I am Jane Goodall by Brad Meltzer and illustrated by Christopher Eliopoulos (2016) is the biography of primatologist Jane Goodall. Written in first person, Meltzer takes on the persona of Goodall and tells the story of how the events of her childhood (i.e. reading Dr. Dolittle) lead her to accomplish all she has and become the person she is today in a language children will understand. The smaller size of the book makes it easy for the small hands of young readers to hold. The book is in the shape of a square, rather than the typical rectangle as most books are, so this book can grab potential reader’s attention among other books. Inside the books, the pages are made of a sturdy material, able to withstand possible rough treatment by children.
Meltzer strategically writes in the form of a narrative because children prefer realistic fiction, rather than nonfiction, so this book provides a balance of both. There was still a lot of information children will learn from reading this book though (i.e. what a “paleontologist” is, the societal conventions of the latter half of the twentieth century, the behavior of chimpanzees etc.).
The book revolves around Goodall’s love of animals. Children are drawn to animal books, so will likely enjoy reading this book. Additionally, humorous aspects are incorporated into the informational text, which are also appealing to children.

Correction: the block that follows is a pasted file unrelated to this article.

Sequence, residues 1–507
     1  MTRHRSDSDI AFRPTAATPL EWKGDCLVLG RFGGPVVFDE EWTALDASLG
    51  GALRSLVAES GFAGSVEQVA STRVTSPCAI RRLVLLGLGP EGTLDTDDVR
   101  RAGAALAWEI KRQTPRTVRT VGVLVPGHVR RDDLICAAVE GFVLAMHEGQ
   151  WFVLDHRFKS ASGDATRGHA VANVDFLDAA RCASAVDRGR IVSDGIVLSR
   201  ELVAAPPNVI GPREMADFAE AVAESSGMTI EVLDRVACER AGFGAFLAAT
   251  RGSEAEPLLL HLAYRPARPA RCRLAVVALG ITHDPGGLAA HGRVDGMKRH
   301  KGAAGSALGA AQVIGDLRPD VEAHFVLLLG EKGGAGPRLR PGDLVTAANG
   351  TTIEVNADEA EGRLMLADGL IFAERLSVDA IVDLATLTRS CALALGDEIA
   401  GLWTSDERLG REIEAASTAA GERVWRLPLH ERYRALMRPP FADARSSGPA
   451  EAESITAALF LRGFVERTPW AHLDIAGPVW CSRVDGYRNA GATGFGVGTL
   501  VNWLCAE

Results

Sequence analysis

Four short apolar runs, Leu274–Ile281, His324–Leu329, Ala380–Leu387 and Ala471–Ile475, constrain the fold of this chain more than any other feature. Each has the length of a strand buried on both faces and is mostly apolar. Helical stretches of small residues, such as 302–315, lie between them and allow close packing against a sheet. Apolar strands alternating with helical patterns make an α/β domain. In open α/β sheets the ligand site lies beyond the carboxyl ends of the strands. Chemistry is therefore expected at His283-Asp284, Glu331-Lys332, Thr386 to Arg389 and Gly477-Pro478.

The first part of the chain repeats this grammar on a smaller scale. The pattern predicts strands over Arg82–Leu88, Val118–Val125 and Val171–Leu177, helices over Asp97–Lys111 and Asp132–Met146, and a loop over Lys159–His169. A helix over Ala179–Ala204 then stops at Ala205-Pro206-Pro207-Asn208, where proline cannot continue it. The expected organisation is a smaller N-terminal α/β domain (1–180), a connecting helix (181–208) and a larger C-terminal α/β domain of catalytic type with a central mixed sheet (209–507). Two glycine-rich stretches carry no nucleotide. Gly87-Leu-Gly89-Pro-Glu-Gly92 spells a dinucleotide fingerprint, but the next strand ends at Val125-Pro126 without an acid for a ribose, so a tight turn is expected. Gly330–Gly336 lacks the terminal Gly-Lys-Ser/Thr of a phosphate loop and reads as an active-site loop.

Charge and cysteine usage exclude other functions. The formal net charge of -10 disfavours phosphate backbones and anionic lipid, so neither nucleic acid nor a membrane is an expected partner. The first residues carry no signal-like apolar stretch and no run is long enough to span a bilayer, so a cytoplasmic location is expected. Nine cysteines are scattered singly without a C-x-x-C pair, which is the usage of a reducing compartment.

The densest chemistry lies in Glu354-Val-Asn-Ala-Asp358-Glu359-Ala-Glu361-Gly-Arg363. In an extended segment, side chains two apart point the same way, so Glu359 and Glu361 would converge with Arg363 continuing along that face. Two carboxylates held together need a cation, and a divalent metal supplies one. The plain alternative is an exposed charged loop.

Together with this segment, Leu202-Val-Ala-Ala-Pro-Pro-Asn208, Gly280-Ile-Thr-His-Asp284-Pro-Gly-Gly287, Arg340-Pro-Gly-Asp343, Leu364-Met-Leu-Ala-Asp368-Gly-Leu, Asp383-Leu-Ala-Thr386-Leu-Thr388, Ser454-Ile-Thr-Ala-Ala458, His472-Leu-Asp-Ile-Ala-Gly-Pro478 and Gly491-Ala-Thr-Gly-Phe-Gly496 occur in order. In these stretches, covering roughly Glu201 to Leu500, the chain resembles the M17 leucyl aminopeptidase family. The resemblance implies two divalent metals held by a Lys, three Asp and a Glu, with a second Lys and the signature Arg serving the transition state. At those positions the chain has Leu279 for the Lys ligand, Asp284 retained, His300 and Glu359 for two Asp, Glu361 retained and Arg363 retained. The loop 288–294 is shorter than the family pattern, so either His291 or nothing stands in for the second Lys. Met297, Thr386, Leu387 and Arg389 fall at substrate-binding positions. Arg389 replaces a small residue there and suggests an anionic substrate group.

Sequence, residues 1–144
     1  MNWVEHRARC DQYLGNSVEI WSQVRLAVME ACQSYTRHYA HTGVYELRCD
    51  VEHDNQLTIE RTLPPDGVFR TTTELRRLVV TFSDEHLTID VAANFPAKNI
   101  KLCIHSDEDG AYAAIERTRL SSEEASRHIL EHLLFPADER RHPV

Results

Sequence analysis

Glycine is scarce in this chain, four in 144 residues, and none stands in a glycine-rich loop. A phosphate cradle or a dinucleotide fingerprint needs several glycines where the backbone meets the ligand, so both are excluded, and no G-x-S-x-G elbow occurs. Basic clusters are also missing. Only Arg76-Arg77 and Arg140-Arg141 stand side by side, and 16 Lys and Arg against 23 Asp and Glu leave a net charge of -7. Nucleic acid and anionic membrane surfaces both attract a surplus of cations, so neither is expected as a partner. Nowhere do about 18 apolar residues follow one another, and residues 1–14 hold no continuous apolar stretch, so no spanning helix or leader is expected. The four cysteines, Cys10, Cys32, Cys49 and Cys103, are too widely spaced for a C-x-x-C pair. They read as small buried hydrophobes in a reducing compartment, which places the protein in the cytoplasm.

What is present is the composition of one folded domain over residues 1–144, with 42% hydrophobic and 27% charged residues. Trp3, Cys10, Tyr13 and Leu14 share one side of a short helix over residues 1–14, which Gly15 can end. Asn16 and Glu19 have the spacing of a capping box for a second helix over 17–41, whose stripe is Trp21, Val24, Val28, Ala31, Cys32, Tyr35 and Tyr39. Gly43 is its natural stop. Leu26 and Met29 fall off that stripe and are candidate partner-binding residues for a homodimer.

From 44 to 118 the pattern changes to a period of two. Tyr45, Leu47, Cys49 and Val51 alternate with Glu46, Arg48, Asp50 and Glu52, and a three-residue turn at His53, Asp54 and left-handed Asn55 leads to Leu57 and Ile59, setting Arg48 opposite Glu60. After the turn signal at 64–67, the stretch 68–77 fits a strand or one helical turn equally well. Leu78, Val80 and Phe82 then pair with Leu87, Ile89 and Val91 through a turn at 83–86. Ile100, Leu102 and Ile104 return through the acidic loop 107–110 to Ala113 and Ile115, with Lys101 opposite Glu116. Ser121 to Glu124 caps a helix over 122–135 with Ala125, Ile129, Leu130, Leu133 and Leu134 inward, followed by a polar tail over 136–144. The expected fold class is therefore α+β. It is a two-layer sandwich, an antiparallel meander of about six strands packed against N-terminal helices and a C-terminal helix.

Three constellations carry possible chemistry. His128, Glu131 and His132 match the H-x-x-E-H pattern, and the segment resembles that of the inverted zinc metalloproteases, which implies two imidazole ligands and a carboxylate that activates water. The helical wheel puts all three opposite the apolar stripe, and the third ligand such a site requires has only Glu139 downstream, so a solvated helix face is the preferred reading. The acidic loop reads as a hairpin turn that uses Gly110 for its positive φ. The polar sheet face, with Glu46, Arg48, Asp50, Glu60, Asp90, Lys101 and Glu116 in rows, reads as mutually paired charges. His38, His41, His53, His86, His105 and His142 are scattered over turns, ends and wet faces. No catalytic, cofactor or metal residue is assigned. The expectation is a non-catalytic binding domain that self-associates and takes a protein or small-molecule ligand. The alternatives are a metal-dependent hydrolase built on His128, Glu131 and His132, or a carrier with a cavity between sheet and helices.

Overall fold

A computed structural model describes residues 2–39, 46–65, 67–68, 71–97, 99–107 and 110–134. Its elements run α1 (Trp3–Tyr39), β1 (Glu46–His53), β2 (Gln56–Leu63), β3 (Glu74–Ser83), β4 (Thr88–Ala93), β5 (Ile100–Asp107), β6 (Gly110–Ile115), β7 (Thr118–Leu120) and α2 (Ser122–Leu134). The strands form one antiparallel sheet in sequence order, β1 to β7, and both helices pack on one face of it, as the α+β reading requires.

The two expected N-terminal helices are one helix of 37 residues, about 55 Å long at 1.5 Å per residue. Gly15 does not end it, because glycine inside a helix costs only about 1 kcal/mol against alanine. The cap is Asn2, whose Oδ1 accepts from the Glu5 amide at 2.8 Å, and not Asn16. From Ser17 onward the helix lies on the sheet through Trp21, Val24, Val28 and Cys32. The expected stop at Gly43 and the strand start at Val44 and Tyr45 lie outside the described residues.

Eliopoulos includes full, two-page illustrations, and does not leave any white space. He also uses bold colors, so overall, the illustrations are entrancing to look at. Some pages include panels of illustrations, which is a unique feature. The panels, as well as the use of speech bubbles to expand the conversation of the text on the page, give the book a comic book-like feel. Children typically enjoy comic books, so Eliopoulos’s paneled illustrations will likely especially engage young readers.The illustrations are important because the deepen the meaning of the text. For example, the title of the book is simply I am Jane Goodall. It is likely that young children will not know who Jane Goodall is. However, the cover illustration, as well as the first page, display Goodall with a chimpanzee, giving readers insight that she must do some sort of work with animals. Therefore, children will be further inclined to choose to read this book and learn about Goodall because it has something to do with animals, not only a lady they are unfamiliar with. Moreover, the inside covers have illustrations of chimpanzees, foreshadowing that the text must focus on chimpanzees.
A special feature included at the end of the book is a timeline and real photos of and quotations by Goodall. Therefore, students interested in learning more details about Goodall (i.e. the exact dates she went to Africa, met the chimpanzee, etc.) are able to from this book, and the readers who do not want such specific information on Goodall do not have to read it.
After reading this book, children will be inspired to follow their gut, as opposed to behaving in ways they think other’s expect them to, especially girls like Goodall who want to pursue science. Additionally, there is a push for respecting all living things and the environment because we all have a lot in common, which is important for children to learn especially now with the drastically negative effects of climate change.
Post by: Halie Petrich